at the outer hair cell function in the cochlea, and it's more specific at understanding what
went wrong in the ear, is there any decline or changes
to the microscopic cells inside of the ear? So this is a common
question, a lot, a big point where people can get stuck on and then go down these rabbit holes of trying alternative
treatments, herbal supplements, acupuncture, all these things that may have some validity independently, but looking down these dark rabbit holes of trying to solve their tinnitus because they may be told
your hearing is normal.

Well, I made a full video on that, essentially, you're hearing
maybe in the normal range, but if we look closer into this OAE test, which most audiology clinics
have you, can ask for it, you'll see some decline,
which might be changes or different hearing than it used to be, that can create the chain of
events that leads to tinnitus, so that is a quick summary
of the Lenire device.

All right, now let's talk
about the Neosensory Duo, formerly known as, formerly
called the Neosensory Buzz, this is a wristband that
you wear on your wrist, and this is another way to present bimodal
stimulation for tinnitus. This device is available
in the United States and let's talk about what it
is and what you need to know. The two modes of stimulation
would be hearing and feeling through the somatosensory system, so through the skin, our
biggest organ, some say, the skin, so it's going
to be feeling beeps and hearing beeps at the same time. There is a training program which the company
recommends for two months, so it's essentially a rental process where you rent this
wristband for two months and you use an app,
the app presents tones, a series of ascending and descending tones of different pitches, and at the same time that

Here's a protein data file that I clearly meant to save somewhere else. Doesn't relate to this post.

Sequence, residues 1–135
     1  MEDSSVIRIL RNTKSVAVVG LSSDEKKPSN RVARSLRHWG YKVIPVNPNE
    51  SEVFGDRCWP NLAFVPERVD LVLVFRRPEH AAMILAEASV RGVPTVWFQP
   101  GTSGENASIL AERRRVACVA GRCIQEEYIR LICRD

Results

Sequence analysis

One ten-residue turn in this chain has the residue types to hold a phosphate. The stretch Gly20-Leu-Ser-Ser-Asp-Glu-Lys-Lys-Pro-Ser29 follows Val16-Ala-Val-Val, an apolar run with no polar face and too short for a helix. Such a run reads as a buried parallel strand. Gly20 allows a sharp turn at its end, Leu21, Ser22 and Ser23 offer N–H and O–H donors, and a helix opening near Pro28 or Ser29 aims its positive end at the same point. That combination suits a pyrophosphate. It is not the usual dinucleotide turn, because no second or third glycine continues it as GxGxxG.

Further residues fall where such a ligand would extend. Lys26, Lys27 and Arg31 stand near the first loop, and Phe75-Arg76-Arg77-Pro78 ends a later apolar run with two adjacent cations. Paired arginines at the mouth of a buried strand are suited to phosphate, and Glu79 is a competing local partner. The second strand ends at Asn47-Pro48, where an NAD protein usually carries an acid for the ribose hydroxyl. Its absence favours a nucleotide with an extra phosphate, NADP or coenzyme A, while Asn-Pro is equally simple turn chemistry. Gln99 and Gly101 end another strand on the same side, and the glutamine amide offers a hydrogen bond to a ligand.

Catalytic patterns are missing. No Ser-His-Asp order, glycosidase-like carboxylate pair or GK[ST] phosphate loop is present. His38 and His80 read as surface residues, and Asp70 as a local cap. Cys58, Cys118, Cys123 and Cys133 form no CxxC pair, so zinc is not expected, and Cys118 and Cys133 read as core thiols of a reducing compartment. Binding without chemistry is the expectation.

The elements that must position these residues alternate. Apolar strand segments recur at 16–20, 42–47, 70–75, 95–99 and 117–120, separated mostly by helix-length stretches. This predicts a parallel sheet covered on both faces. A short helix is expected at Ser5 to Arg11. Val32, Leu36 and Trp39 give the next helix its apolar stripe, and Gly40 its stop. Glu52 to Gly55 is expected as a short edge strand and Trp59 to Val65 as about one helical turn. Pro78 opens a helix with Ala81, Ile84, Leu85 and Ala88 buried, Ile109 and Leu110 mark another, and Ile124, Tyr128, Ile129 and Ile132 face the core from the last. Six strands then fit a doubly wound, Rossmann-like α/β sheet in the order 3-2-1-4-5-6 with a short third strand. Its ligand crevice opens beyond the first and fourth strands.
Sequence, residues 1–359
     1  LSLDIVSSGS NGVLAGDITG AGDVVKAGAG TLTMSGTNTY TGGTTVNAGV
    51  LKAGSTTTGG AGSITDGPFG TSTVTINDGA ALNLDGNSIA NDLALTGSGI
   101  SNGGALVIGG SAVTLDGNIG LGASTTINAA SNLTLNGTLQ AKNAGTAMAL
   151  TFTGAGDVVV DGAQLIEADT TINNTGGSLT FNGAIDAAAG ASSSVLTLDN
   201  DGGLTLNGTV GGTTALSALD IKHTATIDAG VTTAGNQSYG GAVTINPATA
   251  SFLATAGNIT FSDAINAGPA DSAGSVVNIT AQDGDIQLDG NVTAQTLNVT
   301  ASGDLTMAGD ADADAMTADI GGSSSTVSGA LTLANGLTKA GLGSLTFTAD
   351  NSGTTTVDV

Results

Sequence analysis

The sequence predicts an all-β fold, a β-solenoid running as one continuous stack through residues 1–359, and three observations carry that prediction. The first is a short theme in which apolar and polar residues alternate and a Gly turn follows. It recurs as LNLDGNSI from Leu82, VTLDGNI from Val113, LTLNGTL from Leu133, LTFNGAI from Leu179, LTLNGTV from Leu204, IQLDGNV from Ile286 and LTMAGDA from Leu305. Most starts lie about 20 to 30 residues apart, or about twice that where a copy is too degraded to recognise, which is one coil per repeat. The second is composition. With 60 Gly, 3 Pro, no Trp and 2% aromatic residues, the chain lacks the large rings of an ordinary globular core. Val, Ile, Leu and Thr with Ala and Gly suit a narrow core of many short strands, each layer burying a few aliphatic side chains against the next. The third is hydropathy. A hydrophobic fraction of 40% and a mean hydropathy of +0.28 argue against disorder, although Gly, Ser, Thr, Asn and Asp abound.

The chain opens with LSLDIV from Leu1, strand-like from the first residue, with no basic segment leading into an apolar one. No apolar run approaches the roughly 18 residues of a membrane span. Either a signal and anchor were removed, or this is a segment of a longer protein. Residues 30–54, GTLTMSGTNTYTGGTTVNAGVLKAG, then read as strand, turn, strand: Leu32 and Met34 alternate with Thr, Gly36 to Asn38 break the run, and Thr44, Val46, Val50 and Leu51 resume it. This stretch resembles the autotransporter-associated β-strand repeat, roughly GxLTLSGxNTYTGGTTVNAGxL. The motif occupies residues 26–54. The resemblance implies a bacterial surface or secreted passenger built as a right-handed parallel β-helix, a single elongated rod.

you're hearing the tones, because they're played through a phone, you're also feeling the tones because they're being
played through your skin.

And this is a very interesting product because understanding this, to me, it represents
showing the brain something at a subconscious level. Our thoughts, our
stories, our waking hours, we live in the conscious
part of the brain. When our brain is off,
when we're going to sleep, the conscious part of
our brain is turned off, but our brain's still existing, we're still hearing sounds
while we're sleeping, we're still breathing,
keeping our heart rate going to keeping our breathing going, getting oxygen in our system. The brain is working always to help us, the brain is constantly
processing information 24/7, so there's that conscious and the subconscious parts of the brain.

Now, the automatic reactions from the limbic system,
et cetera, of the brain are mainly happening at
a subconscious level. This means if you were to work
with a tinnitus specialist who was able to explain
how habituation works, how you recover to tinnitus, how the whole system works together, you can understand it
at a cognitive level, and that will definitely have some help, definitely have some effect
in making habituation happen as quickly as it can, but it doesn't necessarily
force or make habituation happen at a fast, fast, fast rate, so there's some dissonance there where people I work with, for example, understand the plan,
understand what to do, they're doing it, they're following tinnitus
retraining therapy, they're also using mindfulness
holistic principles, they're seemingly doing
everything that works, and a month in, two months in, they're not feeling quite